To Be In Debt or Not To be!!!


To Be In Debt or Not To be!!!

Credit Score or Current debt situation


Credit score or current debt situation is something that depends from individual to individual.

Credit score is a numerical expression based on a person’s credit file. This represents the credit worthiness of that individual. Lenders, Banks and credit card companies, use credit score to evaluate the potential risk posed by lending money to consumers. Credit score is not only limited to banks but other organizations, such as mobile phone companies, insurance companies, landlords, and government departments also use this score to determine the credit worthiness of the individual.

Current debt situation will always differ from person to person and house to house. A lot of factors include in a debt situation. Like, household income, debts, expenses, medical bills etc. A decrease in monthly income will also affect the debt situation of the house. Outstanding bills will worsen the debt situation.

If a person is determined to improve his credit score, then they can take advice or help from credit repair councellor’s or companies. These companies charge a fee and help you improve your credit score. Improving a credit report is not a magical work that will show results in a day or a week. It works slow and gradually the credit report seems to show improvements.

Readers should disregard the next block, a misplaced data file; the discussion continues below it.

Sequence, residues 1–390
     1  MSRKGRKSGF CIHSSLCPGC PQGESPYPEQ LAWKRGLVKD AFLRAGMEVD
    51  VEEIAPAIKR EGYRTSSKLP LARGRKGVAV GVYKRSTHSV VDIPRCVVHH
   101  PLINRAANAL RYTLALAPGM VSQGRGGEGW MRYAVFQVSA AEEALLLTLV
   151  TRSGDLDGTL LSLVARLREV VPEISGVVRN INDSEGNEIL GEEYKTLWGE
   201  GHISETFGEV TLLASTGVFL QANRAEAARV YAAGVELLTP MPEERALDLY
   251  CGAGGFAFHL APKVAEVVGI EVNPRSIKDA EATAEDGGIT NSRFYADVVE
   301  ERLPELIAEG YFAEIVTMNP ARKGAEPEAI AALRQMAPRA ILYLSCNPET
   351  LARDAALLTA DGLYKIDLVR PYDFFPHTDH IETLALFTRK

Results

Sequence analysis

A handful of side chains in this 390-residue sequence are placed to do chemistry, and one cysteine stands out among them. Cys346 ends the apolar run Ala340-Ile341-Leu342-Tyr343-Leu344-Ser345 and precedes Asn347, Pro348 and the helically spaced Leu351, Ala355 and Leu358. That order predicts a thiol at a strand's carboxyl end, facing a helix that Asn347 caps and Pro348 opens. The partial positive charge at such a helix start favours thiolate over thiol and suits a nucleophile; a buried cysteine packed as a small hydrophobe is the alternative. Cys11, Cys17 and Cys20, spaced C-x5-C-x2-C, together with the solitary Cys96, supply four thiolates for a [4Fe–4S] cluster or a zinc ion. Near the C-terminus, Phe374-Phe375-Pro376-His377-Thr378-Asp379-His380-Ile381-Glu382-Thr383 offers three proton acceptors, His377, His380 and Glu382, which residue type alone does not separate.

Getting out of the debt has to be planned and a person should have the will to do it. Certain expenses which do not fall in the necessity category can be reduced or eliminated. Paying off the entire debt is not required to improve the credit report. Bringing an old debt to current will help improve the credit report. Similarly paying pending bills and bringing other small debts to the current situation will help improve the credit score. This can easily be determined which debts to be paid off and which to bring to current status by reviewing the credit report. When you are trying to fix your credit, you may find yourself focusing on the “big” stuff like judgments, charge-offs or other negative information. But the personal information on your credit reports is also important. A misspelling of name, or an address you’ve never lived at, could indicate credit information getting mixed up with someone else’s. So take errors here as seriously as any other mistakes you may find on your credit reports.

There are people for whom the credit score is not that important as they have a family to take care of. They let their score take a hit and stay in that debt situation which will not only ruin their credit report but will also hamper their chances of getting a refinance done or buying a car at a lesser interest rate. Staying in a debt situation and letting the credit score take a hit and thinking that it can be handled later on is a mistake which individuals commit.

Agreed that there are situations where an individual is forced to make a decision for a debt and stay in that situation. On the other hand a person should be able to determine what is more important at that point in time. Credit Score or Current Debt Situation. If a person feels that his current situation is where he cannot improve his credit report or work on the credit score and has to stay in the debt situation, then he will only be paying a greater interest rate for his mortgage refinance or buying a new car.